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Friday, January 7, 2011

The Wolf that Was by Michelle L. Levigne

The Wolf that Was by Michelle L. Levigne
Publisher: Mundania Press LLC
Genre: Action/Adventure, Sci-Fi/Fantasy, Paranormal, Suspense/Mystery
Length: Full Length (267 pgs)
Heat Level: Sweet
Rating: Best Book
Reviewed by Lily

Tirian grew up knowing she would inherit her mother's duties as village wise woman, but without inheriting her mother's magical gifts. It didn't help that her mother insisted Tirian herself was magic. When an enemy wizard killed her mother, she despaired of ever finding an answer to that puzzle.

Then she met Bran, a man cursed by that same wizard: a wolf by day and a man only by light of the waning moon. Forced to choose between her new friend and the villagers who would never truly love her, Tirian decided it was time to seek answers for them both. Their journey took them to Stonemount, where King Fallon feared his new queen conspired to steal his throne, and a lonely child waited to grow into the most powerful enchanter in the world.

Their search united them, but their answers could tear them apart forever. Could a wolf that was a man at heart, and the maiden with a wolf in her soul ever find a world that would let them simply be, much less be together?

Have you ever read a book that isn’t really the genre you like best, but you’ll give it your best try, only to find it’s fabulous and can’t put it down? I did and it’s called The Wolf that Was.

Ms Levigne is gifted with an imagination that she has no problem in conveying into an easy-flowing, yet complex, story. The reader is immediately drawn into an imaginary but magical world and to the main character, Tirian, who believes that she has no magic despite being the daughter of a wise woman filled to the brim with magic. Forgive the repetition of magic but this is what the book is all about and it is described with almost poetic beauty: “…sparks of magic glittered on her fingertips, blue and green and silver, swirling up in the air like dancing fireflies”. The author’s descriptive powers are honed to perfection when all she needs to say about a character is that he “hid inside a deep purple cloak like clotted blood” and the reader knows just what this one is up to.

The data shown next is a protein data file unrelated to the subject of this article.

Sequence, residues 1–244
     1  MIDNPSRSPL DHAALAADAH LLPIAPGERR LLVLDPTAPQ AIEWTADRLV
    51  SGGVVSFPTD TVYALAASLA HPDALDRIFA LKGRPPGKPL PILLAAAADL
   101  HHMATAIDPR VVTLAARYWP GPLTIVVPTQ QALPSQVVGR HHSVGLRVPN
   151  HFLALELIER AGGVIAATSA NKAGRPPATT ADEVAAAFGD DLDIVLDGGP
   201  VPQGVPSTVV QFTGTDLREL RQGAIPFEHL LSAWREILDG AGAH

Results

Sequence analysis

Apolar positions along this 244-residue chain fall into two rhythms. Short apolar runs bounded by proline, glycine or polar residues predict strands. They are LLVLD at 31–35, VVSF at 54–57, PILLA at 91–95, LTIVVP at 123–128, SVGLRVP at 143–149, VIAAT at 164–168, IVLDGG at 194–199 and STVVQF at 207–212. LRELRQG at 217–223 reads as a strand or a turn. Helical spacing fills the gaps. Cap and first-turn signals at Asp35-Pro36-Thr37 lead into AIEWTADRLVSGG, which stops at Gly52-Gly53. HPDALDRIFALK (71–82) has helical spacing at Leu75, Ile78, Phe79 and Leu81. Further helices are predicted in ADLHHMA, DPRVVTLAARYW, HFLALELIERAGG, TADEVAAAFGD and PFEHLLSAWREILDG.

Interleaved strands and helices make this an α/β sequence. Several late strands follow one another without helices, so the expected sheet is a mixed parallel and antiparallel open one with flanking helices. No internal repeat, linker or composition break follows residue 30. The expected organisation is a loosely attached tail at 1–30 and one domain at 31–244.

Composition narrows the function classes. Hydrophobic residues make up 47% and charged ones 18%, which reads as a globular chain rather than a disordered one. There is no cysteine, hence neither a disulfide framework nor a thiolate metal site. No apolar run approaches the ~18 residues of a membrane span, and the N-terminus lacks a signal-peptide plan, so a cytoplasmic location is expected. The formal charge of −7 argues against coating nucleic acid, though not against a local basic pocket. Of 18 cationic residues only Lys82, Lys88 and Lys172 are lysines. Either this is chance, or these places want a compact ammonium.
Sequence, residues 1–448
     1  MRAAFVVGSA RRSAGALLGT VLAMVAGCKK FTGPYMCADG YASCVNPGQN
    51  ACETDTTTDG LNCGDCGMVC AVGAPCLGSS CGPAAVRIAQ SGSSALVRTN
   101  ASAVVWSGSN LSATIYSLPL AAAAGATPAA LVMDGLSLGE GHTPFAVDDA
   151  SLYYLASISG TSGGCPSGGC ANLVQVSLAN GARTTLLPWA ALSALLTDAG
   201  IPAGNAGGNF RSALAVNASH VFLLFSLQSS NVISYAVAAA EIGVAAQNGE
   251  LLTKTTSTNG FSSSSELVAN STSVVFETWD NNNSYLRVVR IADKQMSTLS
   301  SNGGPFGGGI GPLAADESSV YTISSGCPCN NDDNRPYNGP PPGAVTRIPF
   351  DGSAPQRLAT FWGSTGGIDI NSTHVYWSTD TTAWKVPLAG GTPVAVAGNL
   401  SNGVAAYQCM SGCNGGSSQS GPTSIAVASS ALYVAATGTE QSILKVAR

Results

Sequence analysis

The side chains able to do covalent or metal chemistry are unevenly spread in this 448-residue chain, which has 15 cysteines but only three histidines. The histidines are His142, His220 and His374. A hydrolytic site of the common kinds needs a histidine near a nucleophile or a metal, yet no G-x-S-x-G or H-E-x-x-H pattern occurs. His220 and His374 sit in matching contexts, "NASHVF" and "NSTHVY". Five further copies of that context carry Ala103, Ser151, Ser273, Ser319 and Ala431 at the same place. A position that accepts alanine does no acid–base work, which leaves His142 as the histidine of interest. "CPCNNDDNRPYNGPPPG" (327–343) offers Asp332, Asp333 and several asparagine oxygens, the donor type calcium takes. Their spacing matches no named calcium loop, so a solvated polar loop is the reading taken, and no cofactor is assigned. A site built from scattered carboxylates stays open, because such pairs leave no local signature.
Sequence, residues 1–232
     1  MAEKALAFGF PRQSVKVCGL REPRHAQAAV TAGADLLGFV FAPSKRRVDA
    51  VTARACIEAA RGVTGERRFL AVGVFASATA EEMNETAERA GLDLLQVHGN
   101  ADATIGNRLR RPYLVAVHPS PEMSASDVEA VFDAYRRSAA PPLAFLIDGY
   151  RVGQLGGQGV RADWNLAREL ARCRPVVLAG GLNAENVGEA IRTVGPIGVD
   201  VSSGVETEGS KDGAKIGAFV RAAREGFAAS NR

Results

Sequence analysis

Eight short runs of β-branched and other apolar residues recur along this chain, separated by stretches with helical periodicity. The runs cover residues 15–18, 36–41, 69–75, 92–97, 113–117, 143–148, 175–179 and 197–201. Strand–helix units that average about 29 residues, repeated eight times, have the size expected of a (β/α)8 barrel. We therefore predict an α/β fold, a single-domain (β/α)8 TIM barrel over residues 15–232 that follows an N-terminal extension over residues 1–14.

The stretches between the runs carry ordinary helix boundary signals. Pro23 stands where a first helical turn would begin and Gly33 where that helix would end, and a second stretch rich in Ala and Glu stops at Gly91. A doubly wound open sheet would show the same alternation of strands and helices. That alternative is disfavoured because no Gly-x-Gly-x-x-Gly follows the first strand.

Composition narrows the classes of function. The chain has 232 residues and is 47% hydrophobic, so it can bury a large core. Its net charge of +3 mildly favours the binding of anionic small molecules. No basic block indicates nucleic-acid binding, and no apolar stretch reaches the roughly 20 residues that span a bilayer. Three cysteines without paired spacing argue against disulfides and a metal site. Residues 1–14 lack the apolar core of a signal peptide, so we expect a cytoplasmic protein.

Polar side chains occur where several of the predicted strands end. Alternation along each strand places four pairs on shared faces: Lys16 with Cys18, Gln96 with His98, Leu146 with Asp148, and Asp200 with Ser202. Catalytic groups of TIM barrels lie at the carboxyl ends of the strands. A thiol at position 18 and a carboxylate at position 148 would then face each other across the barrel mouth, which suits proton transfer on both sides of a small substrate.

After the murder of her mother, Tirian becomes the village’s wise-woman. The population believes she holds the magic her mother did and Tirian, being a true wise-woman, manages to carry out her healing work without the villagers suspecting her lack of magic. Yet, there is always a question at the back of your mind, “Is she really not magical?”

Her affinity with wolves leads her to meet Bran -– an unwilling wolf shape-shifter who has been cursed by the wicked wizard. He can only return to man-shape at certain phases of the moon and his return to wolf is becoming more and more agonizing.

The deceptively easy writing details an intrinsic, perfectly planned plot that entwines the characters in an emotional quest to find out if Bran can be cured and whether Tirian does hold magic. This age-old technique of seeking an answer is the theme of many ancient tales, yet this one is infallible in its unique setting and wonderful, vibrant characters, their strength and quirks and turns it into an unforgettable fable.

Since we’re on the subject of characters, it’s worth mentioning that Trilian is not the typical beautiful heroine of romances. In fact she’s somewhat unkempt – even described as unwashed in one place – with a long face: and Bane is not the typical hottie hunk of a hero, yet I hurt with him in his agony when he shifted into wolf form. Their endearing traits lie in their loving, caring, courageous natures. The chemistry between the two is glittering and you’re left right to the end to find out if either of them recognize it fully. Even the villains of the piece are not totally unlikable – you can smile at their antics and skullduggery at times, yet you always hope (but are never sure) that their cruelty, arrogance and basic nastiness will end with their comeuppance.

The magical characters, who are spell-binding with powers beyond belief, mostly appear in the middle and towards the end of the book when the pace really picks up to the climax which left me biting my nails in terror at how it might all end.

What a fabulous world to live in – if you can escape the evil so-and-sos. How wonderful to feel “the magic buzz against the soles of [your] feet and fingertips, and tingle against [your] scalp”, to know what your fellows are thinking and to turn at will (and without pain) into a wolf.

The Wolf that Was will appeal to shape-shifter, fantasy-lovers and also to those new to the genre because it is just so well written with profound underlying themes. It was one of those stories you never want to end and so you savor each page slowly so that it doesn’t end too quickly. I wish I knew that formula. I wish I were Trilian.